The pungent problem with man’s best friend: 69% UK owners struggle to find dog bins to dispose of excrement properly

dog bins

Those without dogs regularly lament the state of their local green spaces: lack of dog bins lead to steaming bags of poo left hanging on trees, stinking bags left on park grass; and that’s nothing compared to the realisation that you’ve stepped on a gag-inducing turd which was hiding in a field or brazenly left on the footpath, which you will have the joy of scraping of your shoes in the cold before your family agree to let you back in the house. 

So they might be surprised to hear that a whopping 88% of dog owners we surveyed feel the same, and they agreed that there was a problem with dog poo disposal in the UK. The vast majority of dog owners are responsible and caring people, always with a bag on hand to gather up the offending excrement, unlike the pool of offenders, which is small, but certainly leaves its putrid mark. In a world where growing populations mean we share our outdoor spaces with more people than ever, this is worse than bad social etiquette – it is a crime that can lead to the spread of diseases and unwanted parasites.

82% of our survey respondents said they had spotted dog excrement in an inappropriate place in just last month, and over half said they had seen bags of poo left around in the same timeframe. So why are some dog owners going through the effort, and arguably the worst bit, of dog care by scooping up their canine’s deposit in a bag, and then not making the final and easier step of chucking it in the bin?

Our survey suggests that part of the problem is a lack of public bins. It certainly isn’t a valid excuse; most dog owners will carry the used bag until they find a bin, or take it back home where they can conscientiously put it in their own black bin, but it does explain some of the bad behaviour. Almost three-quarters of our respondents said they struggled to find dog bins. And when you start looking at UK councils and bin disposal, the problem gets worse. Many councils are struggling with a lack of funding, causing essential services to be cut or reduced, so even if you do find a bin, there is a good chance it is already overflowing with rubbish and unable to take your steaming deposit.

In September, Bristol City Council was even considering removing bins from green spaces, as they were so fed up with the public leaving rubbish next to full bins. A lack of council staff, due to funding cuts, would also explain why the small group of dog waste offenders aren’t deterred by a potential on-the-spot fine of £80, and a later fine of £1000 if taken to court; it’s because they know they are very unlikely to get caught.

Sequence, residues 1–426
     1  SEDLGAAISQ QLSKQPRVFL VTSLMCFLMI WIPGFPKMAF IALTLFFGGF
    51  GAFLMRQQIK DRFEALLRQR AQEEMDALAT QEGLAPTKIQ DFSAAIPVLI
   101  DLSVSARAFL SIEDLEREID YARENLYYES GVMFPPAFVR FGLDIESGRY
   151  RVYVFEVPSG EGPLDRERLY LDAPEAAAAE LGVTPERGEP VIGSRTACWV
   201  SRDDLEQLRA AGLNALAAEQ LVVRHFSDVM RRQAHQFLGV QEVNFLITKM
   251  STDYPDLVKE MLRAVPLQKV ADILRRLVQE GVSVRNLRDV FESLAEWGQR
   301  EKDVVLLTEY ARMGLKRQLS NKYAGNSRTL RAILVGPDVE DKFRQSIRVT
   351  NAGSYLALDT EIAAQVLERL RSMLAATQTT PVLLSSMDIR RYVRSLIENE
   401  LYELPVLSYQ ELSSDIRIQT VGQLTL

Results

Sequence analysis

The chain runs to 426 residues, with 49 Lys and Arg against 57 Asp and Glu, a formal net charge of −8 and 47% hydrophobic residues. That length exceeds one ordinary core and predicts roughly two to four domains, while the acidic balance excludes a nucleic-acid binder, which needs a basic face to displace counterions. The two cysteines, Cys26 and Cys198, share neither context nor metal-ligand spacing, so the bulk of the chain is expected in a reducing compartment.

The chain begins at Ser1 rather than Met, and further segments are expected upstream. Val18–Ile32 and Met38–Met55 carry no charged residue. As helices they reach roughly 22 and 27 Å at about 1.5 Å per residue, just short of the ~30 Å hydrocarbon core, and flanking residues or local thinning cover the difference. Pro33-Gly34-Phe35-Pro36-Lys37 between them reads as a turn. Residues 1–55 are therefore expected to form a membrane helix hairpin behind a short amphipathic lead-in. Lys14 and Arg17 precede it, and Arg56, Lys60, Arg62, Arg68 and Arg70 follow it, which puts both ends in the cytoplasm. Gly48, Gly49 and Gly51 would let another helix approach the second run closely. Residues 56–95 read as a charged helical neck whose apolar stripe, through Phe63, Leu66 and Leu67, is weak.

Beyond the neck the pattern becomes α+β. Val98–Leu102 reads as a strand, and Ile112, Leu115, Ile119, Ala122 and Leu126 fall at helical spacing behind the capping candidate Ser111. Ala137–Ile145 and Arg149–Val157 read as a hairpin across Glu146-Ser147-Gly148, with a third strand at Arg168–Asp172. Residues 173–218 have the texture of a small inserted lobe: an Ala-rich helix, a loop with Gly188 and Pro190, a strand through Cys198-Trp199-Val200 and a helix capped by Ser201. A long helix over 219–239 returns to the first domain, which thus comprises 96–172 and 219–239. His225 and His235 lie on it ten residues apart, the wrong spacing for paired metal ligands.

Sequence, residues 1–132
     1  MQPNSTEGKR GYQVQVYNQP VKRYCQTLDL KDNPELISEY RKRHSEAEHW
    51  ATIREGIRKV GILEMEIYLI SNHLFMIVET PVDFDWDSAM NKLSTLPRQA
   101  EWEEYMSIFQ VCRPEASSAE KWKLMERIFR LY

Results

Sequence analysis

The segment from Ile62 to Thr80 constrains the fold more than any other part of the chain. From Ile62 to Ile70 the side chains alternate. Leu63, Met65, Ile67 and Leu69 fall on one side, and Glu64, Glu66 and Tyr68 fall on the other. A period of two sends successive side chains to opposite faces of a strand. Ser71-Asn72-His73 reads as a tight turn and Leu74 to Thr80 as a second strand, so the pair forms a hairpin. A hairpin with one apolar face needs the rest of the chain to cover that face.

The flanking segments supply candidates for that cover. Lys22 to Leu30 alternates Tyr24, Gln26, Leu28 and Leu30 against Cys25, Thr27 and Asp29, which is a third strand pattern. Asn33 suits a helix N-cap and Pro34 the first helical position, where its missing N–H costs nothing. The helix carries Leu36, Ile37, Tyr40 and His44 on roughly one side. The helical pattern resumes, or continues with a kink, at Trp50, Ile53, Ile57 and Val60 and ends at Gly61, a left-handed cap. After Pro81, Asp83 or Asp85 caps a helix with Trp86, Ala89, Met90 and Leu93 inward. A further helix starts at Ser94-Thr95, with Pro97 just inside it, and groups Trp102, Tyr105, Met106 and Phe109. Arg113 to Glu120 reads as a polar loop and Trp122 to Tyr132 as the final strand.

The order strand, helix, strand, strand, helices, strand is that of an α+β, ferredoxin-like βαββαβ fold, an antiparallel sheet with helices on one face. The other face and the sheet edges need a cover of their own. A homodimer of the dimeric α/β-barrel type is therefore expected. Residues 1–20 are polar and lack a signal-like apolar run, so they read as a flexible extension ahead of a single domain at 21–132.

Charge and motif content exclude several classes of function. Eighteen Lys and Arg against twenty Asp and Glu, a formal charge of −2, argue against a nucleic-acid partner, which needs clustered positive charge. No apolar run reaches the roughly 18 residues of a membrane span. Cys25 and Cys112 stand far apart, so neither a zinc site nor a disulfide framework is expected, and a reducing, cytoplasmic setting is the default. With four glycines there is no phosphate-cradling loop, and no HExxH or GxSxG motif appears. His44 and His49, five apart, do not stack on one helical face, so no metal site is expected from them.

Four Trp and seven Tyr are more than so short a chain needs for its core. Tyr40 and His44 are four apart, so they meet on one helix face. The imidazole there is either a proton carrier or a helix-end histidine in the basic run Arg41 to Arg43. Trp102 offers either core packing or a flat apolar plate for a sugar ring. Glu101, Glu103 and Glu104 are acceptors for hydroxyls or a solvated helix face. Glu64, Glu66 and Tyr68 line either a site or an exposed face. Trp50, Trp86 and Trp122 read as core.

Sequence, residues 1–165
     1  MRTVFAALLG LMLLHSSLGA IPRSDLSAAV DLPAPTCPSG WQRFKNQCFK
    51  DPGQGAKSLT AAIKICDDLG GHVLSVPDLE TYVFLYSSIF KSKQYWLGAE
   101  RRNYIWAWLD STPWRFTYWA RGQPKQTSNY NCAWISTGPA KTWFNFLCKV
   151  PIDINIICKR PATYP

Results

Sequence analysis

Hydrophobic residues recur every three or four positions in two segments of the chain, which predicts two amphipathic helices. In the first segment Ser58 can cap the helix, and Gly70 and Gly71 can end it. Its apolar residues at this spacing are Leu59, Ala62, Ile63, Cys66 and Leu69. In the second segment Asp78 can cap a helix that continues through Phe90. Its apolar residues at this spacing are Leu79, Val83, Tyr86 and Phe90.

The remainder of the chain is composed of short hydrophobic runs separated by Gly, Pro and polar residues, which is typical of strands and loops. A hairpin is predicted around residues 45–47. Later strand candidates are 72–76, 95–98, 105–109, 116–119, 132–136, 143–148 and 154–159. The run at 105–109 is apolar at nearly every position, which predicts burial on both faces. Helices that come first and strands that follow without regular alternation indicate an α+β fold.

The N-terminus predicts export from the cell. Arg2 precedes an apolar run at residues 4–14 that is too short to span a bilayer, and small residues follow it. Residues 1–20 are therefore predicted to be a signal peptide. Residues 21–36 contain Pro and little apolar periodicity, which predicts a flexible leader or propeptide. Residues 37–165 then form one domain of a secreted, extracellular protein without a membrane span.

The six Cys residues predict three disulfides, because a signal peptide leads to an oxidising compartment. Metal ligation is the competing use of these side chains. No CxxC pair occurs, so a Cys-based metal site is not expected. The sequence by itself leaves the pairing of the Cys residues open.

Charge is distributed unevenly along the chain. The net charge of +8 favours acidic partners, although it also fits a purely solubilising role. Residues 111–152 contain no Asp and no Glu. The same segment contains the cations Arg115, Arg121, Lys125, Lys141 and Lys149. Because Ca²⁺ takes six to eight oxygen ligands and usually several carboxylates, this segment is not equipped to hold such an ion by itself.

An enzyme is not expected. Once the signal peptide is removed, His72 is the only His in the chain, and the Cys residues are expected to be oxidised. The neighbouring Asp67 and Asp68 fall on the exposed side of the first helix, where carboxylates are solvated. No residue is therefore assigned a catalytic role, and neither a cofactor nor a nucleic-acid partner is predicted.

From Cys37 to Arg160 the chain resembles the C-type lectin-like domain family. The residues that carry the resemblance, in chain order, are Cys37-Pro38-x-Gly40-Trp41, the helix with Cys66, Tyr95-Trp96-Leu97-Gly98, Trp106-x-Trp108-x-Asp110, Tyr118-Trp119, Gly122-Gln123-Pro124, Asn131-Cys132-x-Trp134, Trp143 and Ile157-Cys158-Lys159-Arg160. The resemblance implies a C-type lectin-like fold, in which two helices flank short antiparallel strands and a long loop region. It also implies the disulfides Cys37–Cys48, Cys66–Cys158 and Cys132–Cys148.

The good news is that the majority of dog owners who responded to our survey, 88%, said they got their dogs to do their business in their own gardens, where they had access to their own waste disposal and time to clean up properly. 82% of respondents also felt it was not ok to leave dog poo in fields, parks, and grass next to pathways.

When bins are scarce or overflowing, some dog owners try to look for other solutions, but environmental health rules dictate that the best way to dispose of dog poo is to single or double-bag the excrement before throwing it in the bin. For those wondering if they can flush Fido’s poo down the loo, the answer is unfortunately no. Anglian water state: “No types of animal faeces is allowed to be flushed down the toilet. The sewer network is not suitable for this kind of waste because of the presence of Toxocara (also known as roundworm) in animal faeces, which is tolerant of the relatively high temperatures and harsh conditions found in the final digestate stage in processing the used water that comes through to the treatment works from sinks and toilets.” So unless you want to make a mortifying trip to the doctor with a case of worms, it’s best to steer clear of the toilet.

Fortunately, the future looks bright and free of the whiff of dog excrement. Our respondents came from a range of age groups and genders, demonstrating that most of society is aligned in its belief that dog owners clean up after their pets. If you can’t find a dog bin and the journey home is long, you can email your council about having one placed in your park, or you can raise money for a community bin yourself. You can also engage with eco-conscious companies; who are finding great, climate-friendly ways to dispose of your dog poo. There are increasing numbers of companies who are composting dog poo, and adios plastic make wholly compostable dog poo bags from cornstarch.

In 2018, the BBC reported on the genius science of 67-year-old Brian Harper, who used his and other peoples dogs’ poo to generate light in a street lamp. He has even been provided with some council funding by Malvern Hills. Who knows, in a few years’ time you might be dropping your poo bags into an anaerobic digester connected to a lamppost near you, and lighting your way home with the methane from Buddy’s back end.